“Let us...take sensible precautions, help one another, stay calm and carry on with our lives” Singaporean Prime Minister Lee Hsien Loong.
While the world shuts down in an effort to control the coronavirus pandemic, Singapore is more or less business as usual. Its schools and universities remain open and its restaurants and malls are operating - albeit with fewer customers.
So how has this Island State kept the new coronavirus under control, despite its strong business and cultural links with China?
As we find out in The Singapore Solution, the country was well prepared with a pandemic response plan. Once the world learned of this new coronavirus in December last year, the government acted on it.
Like many Asian countries, Singapore learned about the power of pandemics the hard way. When the deadly SARS (Sudden Acute Respiratory Syndrome) virus spread through north Asia seventeen years ago, governments were unprepared.
SARS killed hundreds of people across Asia, including thirty-three people in Singapore.
"We’ve been preparing for this since SARS…this is something that is firmly etched in Singapore’s medical history", explains Australian doctor Dale Fisher, an infectious diseases expert who arrived in Singapore during that epidemic and is now part of the team battling the coronavirus.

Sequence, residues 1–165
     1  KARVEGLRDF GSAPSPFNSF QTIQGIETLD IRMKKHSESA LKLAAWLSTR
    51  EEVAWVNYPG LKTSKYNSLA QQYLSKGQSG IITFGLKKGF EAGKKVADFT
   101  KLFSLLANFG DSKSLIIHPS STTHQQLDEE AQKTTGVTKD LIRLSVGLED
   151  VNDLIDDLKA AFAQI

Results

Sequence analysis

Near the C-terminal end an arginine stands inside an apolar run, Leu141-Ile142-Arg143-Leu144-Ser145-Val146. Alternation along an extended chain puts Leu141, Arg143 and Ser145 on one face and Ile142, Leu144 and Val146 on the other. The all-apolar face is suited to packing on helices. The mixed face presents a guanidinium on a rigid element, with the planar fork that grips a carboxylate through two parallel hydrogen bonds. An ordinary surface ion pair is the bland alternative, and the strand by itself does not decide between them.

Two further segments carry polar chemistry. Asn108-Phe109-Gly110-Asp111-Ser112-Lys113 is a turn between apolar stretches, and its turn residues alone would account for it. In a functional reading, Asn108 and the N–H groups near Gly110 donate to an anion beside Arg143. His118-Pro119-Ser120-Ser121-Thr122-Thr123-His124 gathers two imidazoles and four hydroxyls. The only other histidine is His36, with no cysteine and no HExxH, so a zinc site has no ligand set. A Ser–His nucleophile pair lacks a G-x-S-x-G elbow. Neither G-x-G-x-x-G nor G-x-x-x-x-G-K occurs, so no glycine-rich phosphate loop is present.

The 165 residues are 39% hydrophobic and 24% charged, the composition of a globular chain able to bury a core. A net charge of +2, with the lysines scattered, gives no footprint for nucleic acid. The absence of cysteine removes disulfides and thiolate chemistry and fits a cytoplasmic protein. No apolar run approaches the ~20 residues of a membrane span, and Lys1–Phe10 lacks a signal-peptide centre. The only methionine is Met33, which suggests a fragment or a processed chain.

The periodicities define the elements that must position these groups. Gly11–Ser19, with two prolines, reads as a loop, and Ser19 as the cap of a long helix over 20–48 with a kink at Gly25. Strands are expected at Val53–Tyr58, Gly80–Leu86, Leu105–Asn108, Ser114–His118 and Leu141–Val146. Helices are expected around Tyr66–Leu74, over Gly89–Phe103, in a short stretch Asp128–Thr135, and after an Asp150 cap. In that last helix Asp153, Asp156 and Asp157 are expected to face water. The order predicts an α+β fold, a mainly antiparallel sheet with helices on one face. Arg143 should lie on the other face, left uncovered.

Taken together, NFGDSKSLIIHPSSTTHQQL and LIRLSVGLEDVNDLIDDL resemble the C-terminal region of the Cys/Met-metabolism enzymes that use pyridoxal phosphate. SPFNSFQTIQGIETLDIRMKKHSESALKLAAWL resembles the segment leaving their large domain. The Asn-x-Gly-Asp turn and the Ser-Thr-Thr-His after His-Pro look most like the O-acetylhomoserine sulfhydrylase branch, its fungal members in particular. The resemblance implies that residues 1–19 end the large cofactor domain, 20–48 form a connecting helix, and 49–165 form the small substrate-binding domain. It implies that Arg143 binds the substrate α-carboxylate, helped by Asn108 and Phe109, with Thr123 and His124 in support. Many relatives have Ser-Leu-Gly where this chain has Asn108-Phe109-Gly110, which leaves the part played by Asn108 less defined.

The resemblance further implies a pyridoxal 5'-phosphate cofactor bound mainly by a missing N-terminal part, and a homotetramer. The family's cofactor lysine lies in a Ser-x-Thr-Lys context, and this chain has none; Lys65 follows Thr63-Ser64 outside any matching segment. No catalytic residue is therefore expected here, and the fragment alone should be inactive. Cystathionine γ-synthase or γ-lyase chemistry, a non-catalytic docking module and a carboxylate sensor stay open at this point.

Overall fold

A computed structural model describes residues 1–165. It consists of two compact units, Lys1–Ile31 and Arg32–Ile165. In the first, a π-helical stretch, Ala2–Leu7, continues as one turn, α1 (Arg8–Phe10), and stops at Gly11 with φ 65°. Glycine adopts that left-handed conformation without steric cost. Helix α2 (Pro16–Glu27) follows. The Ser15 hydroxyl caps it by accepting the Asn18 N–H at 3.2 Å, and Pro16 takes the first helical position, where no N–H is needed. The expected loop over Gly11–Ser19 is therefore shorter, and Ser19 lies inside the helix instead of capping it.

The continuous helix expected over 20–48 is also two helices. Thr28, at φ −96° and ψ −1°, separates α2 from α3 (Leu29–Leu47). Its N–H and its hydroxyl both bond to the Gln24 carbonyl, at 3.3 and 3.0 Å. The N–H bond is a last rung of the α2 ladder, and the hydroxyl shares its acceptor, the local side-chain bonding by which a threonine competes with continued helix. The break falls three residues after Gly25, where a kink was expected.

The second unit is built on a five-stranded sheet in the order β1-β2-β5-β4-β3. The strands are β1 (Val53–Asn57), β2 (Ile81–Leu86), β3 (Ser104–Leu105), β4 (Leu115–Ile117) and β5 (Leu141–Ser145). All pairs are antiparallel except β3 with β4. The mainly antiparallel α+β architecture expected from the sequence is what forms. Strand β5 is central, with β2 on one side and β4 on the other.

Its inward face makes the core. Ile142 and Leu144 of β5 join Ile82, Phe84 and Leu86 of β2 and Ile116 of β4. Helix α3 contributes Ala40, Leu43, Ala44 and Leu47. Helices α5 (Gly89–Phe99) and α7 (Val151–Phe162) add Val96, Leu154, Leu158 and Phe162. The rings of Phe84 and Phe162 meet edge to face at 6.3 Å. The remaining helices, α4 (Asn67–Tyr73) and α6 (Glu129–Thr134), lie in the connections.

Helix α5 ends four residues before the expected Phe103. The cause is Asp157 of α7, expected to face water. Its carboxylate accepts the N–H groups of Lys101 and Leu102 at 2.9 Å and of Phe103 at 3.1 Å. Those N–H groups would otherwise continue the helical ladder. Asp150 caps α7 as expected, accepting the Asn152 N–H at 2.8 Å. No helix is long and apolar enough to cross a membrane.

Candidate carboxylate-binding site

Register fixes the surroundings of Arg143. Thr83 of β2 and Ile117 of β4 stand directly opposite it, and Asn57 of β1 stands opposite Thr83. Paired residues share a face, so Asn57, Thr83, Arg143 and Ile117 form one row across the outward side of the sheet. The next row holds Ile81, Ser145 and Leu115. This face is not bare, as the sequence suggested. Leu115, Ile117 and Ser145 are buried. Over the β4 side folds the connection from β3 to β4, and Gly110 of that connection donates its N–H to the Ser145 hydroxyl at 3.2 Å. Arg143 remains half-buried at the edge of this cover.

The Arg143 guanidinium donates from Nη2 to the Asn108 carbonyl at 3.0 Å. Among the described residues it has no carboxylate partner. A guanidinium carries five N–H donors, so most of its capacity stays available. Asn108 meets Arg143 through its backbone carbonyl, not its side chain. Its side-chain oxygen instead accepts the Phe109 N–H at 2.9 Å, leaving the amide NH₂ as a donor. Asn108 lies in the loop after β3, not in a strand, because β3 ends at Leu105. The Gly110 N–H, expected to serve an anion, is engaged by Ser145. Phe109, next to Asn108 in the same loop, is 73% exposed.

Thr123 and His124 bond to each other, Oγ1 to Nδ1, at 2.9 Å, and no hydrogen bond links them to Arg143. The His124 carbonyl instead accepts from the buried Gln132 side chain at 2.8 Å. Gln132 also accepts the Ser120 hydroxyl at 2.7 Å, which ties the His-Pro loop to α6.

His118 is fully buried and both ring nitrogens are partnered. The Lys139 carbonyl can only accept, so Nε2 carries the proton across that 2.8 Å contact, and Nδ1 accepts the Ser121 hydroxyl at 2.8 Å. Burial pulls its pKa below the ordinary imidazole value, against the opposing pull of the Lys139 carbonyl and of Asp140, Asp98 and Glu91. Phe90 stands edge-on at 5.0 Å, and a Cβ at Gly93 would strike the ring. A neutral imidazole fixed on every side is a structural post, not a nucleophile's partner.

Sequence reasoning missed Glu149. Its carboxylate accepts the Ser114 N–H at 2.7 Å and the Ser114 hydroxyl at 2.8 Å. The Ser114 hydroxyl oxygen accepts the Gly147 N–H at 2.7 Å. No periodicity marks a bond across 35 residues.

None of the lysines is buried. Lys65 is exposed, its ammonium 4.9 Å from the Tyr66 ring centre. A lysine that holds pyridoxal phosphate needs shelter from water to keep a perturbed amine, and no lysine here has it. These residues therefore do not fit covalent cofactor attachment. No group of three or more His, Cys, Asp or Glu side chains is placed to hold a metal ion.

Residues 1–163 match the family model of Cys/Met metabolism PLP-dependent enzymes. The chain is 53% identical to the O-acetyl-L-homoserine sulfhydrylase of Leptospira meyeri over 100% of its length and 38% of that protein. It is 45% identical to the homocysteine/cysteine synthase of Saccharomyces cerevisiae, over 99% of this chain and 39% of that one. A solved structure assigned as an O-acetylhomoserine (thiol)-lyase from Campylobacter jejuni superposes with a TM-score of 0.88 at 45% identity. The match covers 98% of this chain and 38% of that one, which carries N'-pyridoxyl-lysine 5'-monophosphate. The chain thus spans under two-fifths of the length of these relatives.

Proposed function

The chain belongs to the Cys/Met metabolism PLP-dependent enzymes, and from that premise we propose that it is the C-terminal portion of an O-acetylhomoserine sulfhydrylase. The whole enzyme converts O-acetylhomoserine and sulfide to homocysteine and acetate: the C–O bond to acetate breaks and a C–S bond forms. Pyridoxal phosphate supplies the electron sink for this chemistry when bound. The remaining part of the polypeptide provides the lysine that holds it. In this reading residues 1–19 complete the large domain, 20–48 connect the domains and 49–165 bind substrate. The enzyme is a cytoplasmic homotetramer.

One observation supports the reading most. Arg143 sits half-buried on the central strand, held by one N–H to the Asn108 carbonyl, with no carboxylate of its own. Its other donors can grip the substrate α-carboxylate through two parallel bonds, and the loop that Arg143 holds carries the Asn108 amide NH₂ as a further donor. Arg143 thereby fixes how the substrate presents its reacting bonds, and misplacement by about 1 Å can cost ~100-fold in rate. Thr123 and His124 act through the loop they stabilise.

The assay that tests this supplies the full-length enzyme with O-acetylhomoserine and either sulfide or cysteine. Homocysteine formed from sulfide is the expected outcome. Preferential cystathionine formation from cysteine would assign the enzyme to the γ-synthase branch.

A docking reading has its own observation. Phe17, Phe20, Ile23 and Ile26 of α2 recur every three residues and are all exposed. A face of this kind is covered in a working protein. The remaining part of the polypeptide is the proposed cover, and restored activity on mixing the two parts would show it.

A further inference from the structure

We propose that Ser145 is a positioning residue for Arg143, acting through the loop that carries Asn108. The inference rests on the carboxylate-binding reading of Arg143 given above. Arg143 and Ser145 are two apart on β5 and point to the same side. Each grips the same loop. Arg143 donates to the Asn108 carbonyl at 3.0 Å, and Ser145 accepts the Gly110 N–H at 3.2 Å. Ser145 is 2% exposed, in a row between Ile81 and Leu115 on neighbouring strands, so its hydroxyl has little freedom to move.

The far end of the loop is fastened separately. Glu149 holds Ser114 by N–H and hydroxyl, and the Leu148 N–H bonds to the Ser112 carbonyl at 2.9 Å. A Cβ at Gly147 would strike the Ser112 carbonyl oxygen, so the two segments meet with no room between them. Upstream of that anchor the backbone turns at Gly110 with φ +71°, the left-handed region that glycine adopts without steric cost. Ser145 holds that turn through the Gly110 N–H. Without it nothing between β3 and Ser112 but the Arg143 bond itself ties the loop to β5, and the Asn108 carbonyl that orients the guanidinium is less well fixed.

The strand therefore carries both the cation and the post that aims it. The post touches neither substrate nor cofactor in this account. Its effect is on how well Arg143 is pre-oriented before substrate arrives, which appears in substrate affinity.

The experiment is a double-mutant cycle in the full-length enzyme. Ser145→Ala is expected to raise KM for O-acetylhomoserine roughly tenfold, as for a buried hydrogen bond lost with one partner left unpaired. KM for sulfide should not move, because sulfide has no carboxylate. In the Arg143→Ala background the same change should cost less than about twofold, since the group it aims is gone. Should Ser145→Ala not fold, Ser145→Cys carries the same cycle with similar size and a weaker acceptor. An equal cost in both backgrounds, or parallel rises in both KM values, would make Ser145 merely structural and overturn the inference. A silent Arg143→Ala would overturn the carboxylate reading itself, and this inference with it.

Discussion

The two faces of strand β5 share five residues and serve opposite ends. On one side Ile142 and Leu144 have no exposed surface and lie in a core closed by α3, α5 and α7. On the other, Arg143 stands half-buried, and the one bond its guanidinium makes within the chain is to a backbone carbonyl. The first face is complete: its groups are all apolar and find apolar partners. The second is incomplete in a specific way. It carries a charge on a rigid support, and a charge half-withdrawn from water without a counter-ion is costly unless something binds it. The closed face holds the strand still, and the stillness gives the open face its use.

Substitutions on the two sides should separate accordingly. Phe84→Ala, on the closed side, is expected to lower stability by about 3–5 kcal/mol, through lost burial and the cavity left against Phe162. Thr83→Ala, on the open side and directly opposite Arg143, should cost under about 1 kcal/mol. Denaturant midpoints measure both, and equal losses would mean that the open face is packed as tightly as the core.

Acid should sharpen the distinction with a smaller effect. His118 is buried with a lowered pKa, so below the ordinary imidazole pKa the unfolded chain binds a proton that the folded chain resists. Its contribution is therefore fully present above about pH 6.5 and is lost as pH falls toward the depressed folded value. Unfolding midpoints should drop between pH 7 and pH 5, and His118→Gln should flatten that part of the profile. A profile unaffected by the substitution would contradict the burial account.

To beat COVID19, the Singaporeans have set up a network of clinics where symptomatic people can seek advice and if necessary, get sent for testing. Those who are positive are quarantined and tightly monitored.
Singaporeans are being asked to download a tracing app onto their phones. Those who are infected are subject to the ‘contact tracing’ system, where health officials track down all those who’ve had contact with them.
Penalties for breaching these orders can be harsh. "If…they’re caught…there are jail terms", says Prof. Dale Fisher.
Other measures include temperature checks outside public buildings and schools - those with a high temperature must go home - and clear public health messaging and information.
While the measures might evoke fears of a ‘Surveillance State’, they have been successful in flattening the rise of infections. The key to success has been to act fast and comprehensively.
Despite their success so far, authorities remain vigilant. As Singaporeans flock home to escape outbreaks elsewhere, the number of cases has begun to rise again. The government is tightening it’s polices and already the pandemic plan is being updated. Critics are asking if it’s enough.
About Foreign Correspondent:
Foreign Correspondent is the prime-time international public affairs program on Australia's national broadcaster, ABC-TV. We produce half-hour duration in-depth reports for broadcast across the ABC's television channels and digital platforms. Since 1992, our teams have journeyed to more than 170 countries to report on war, natural calamity and social and political upheaval - through the eyes of the people at the heart of it all.
31 Mar 2020